A Supermassive Black Hole Has Been Caught Red-Handed Chewing Up a Huge Star and Spitting Stellar Guts into the Cosmic Abyss

In a cosmic event that sounds like something out of a science fiction novel, scientists have observed a supermassive black hole tearing apart a massive star and spitting its "guts" into the darkness of space. 

This extraordinary phenomenon was revealed through the study of an event dubbed ASASSN-14li, located some 280 million light-years from Earth.

The Crime Scene: ASASSN-14li

The event was first discovered in 2014, but new information gleaned from NASA's Chandra X-ray Observatory and the European Space Agency's XMM-Newton has provided stunning details. The star, believed to have harbored about three times the mass of our sun, was ripped apart by the black hole, with its insides literally tossed into space.

"We are seeing the guts of what used to be a star," said Jon Miller of the University of Michigan, who led the study.

The Culprit: A Supermassive Black Hole

The black hole associated with this tidal disruption event (TDE) is responsible for the star's destruction. TDEs occur when a black hole's gravitational forces impact a star that got too close, sending out a flare emitting optical, ultraviolet, and X-ray wavelengths. This flare happens in conjunction with the star's debris heating up.

Scientists used an X-ray spectrum from Chandra to probe the elements contained in this wind, including the detection of nitrogen. The X-ray data indicates that the star in ASASSN-14li was about three times the mass of the sun, making it one of the largest stars ever known to be destroyed in a TDE. (Image credit: NASA/CXC/Univ of Michigan/J. Miller et al)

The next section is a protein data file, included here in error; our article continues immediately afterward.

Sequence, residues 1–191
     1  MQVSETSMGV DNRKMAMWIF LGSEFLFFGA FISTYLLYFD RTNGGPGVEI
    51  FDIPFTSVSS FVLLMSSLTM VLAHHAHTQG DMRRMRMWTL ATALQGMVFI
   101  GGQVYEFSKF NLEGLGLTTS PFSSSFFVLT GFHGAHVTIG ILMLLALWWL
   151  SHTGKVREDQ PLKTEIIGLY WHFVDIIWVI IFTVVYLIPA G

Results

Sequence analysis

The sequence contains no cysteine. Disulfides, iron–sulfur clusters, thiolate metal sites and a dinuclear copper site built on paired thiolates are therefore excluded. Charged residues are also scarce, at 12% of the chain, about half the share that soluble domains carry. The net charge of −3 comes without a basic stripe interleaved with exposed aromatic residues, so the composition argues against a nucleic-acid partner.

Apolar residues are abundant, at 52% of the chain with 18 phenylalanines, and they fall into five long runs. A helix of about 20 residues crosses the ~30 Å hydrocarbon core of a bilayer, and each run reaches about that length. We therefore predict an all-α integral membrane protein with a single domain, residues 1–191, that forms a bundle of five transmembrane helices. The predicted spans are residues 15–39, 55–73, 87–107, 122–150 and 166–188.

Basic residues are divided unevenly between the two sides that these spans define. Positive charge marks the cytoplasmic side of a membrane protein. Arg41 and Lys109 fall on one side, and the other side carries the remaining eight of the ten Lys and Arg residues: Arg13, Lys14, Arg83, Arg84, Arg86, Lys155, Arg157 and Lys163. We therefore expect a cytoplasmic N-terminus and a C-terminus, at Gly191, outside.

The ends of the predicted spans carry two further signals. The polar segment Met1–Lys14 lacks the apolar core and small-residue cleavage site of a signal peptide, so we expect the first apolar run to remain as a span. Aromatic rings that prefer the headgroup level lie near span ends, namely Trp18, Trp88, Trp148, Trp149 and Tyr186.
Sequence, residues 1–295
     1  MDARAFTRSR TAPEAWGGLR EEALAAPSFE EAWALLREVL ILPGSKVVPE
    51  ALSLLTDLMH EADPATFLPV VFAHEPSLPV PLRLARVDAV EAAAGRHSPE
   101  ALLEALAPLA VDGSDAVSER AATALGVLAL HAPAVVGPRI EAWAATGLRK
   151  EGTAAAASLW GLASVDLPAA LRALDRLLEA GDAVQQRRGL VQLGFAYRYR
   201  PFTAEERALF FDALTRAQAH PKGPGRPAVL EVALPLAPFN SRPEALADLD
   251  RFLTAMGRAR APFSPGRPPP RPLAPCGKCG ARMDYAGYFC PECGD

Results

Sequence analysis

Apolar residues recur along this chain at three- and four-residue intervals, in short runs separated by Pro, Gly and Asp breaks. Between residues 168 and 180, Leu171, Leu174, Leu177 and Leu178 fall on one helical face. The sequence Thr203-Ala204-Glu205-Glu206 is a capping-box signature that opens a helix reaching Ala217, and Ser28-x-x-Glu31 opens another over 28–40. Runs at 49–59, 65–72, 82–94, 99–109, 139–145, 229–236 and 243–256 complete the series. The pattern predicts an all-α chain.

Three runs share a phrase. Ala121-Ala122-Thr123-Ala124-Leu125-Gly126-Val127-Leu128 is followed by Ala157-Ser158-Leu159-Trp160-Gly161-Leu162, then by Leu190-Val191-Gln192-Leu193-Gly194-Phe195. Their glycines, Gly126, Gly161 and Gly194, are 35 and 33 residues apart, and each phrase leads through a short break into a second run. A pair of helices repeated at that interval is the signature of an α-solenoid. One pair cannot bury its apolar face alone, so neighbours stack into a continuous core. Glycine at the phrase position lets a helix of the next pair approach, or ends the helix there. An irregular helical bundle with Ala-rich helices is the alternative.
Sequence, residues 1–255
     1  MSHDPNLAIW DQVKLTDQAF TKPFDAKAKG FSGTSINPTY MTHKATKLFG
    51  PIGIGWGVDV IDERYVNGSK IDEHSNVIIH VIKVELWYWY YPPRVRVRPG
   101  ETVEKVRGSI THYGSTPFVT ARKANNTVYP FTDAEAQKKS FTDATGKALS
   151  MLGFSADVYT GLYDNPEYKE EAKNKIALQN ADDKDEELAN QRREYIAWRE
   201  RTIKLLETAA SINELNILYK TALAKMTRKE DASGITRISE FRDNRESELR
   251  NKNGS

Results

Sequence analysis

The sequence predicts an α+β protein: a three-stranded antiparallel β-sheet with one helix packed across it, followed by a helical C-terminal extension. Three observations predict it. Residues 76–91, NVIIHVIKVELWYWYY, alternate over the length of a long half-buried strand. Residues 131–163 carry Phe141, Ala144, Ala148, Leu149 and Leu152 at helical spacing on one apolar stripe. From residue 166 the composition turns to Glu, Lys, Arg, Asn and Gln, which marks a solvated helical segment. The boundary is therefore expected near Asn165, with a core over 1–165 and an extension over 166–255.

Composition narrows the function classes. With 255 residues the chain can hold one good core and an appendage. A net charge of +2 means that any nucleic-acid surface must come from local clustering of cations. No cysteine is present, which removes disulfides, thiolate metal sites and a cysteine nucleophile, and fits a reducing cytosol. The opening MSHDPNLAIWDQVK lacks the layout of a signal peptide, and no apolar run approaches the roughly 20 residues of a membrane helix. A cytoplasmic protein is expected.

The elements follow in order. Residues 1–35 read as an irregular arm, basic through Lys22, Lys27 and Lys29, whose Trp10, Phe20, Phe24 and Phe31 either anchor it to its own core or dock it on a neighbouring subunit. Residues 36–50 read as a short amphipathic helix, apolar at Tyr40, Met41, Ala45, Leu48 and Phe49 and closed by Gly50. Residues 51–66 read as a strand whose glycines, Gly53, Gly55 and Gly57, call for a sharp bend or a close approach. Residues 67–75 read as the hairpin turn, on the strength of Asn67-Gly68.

The researchers employed powerful instruments to study these TDE-rooted wavelengths and figure out the concentrations of elements surrounding the black hole in ASASSN-14li. They were able to parse the ratio of nitrogen to carbon present at the cosmic crime scene with stunning detail, leading to the revelation of the star's mass and the black hole's destructive act.

The Victim: A Massive Star

The star's mass was about three times that of the sun, making it one of the largest stars ever known to be destroyed in a TDE. The findings contrast with previous work, which suggested a much smaller mass for the star. The new evidence paints a vivid picture of a doomed star caught in the grips of a supermassive black hole.

A Cosmic Mystery Unveiled

The event ASASSN-14li is exciting not just for its dramatic nature but also for the scientific insights it provides. Understanding the mass of the unlucky star and the details of its destruction helps scientists probe the mysteries of the universe.

"These X-ray telescopes can be used as forensic tools in space," said co-author Brenna Mockler, emphasizing the importance of the discovery.

Conclusion: A Glimpse into the Violent Universe

The observation of a supermassive black hole chewing up a huge star and spitting its stellar guts into the cosmic abyss offers a rare and spellbinding glimpse into the violent and mysterious universe. It's a reminder of the incredible forces at play in the cosmos and the continual quest to unravel the secrets hidden across the fabric of space and time.

A paper on these findings was published in the Aug. 20 issue of The Astrophysical Journal Letters, marking a significant contribution to our understanding of black holes, stars, and the dynamic interactions that shape the universe.

Research Paper